Workers face increased WAO premiums

9th September 2004, Comments 0 comments

9 September 2004, AMSTERDAM — Salaried employees in the Netherlands will have to pay half of a more-expensive monthly premium for the new privatised WAO workers disability scheme, it was reported Thursday. Currently, employers pay the entire premium.

9 September 2004

AMSTERDAM — Salaried employees in the Netherlands will have to pay half of a more-expensive monthly premium for the new privatised WAO workers disability scheme, it was reported Thursday. Currently, employers pay the entire premium.

The WAO system is designed to support people who are temporarily or permanently unable to hold down employment due to a work-related illness or injury.

The insurance scheme is a significant drain on the Dutch economy as up to one million people of the country's 7.1 million-strong workforce were claiming the WAO at the turn of the millennium.

The coalition government of Prime Minister Jan Peter Balkenende has continued the policy of the previous government in trying to overhaul the WAO system and cut the numbers of claimants by getting people to re-enter the labour market.

A major plank of the government's policy is make the WAO more cost-effective and streamlined by bringing in private insurance companies alongside the social security authority UWV.

Companies and employers will have a choice between opting for the UWV or a private company to provide WAO cover.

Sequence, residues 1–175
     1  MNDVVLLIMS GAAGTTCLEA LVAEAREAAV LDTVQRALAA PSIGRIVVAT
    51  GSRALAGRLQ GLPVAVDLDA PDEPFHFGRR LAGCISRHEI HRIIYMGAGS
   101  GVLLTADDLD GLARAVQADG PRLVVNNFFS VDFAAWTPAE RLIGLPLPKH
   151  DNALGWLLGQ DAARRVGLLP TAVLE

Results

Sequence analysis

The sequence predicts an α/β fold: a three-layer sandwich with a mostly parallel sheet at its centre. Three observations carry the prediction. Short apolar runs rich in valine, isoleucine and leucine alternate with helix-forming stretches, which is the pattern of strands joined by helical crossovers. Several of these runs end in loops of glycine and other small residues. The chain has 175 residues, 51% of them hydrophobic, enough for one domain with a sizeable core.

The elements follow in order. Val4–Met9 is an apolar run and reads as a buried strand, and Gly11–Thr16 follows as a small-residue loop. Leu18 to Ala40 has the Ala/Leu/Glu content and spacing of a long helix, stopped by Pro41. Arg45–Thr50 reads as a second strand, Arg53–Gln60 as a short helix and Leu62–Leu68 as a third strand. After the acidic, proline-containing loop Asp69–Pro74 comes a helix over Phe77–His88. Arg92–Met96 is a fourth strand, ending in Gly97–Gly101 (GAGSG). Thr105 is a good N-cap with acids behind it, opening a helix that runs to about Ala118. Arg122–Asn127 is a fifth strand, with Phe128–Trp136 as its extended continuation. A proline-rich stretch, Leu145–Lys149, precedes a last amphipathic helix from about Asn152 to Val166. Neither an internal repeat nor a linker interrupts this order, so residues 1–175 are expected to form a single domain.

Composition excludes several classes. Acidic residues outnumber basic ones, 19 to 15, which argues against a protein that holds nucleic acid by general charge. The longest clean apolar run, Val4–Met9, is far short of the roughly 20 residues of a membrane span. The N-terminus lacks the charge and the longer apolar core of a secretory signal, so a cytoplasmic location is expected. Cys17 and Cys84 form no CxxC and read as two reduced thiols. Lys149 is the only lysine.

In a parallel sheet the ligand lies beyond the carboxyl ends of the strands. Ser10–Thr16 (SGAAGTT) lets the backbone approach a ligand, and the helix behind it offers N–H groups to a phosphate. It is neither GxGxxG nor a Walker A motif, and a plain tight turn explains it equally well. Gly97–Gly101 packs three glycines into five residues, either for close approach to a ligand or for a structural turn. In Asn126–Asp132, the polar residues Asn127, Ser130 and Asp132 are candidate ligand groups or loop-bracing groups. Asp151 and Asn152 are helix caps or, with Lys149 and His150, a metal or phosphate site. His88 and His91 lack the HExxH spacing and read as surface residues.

To ensure the private insurers can compete with the UWV to provide WAO cover, the UWV will have to increase its premiums, newspaper De Volkskrant reported.

The insurance sector and the ministries of Social Affairs and Finance have reached a draft agreement and the full Cabinet is expected to discuss the plan on Friday.

Employers pay the full WAO premium under the current system. If the new WAO system comes into operation in 2006, employees will have to pay half of the new, higher premium. It is unclear if the government intends to compensate employees in some way.

Private insurance companies taking part in the WAO system will have to put aside a cash reservoir with large enough resources to pay the disability insurance for five years. The UWV won't have to do this and will be allowed to pay WAO benefit from the income derived from premiums.

Therefore the premiums of private insurers — who are being brought in to make the WAO more cost-effective — threaten to be far more expensive than the UWV.

The difference between private and UWV insurance is calculated to be as high as EUR 10 billion up to 2011. Insurance companies have demanded the UWV level the playing field by increasing its premiums to compensate for the difference.

Private insurers work closely with health and safety authorities, or arbodiensten, and back-to-work reintegration firms. This gives them one big advantage over the UWV as they can offer a full coverage package. The UWV is restricted to making WAO and social security payments.

[Copyright Expatica News 2004]

Subject: Dutch news

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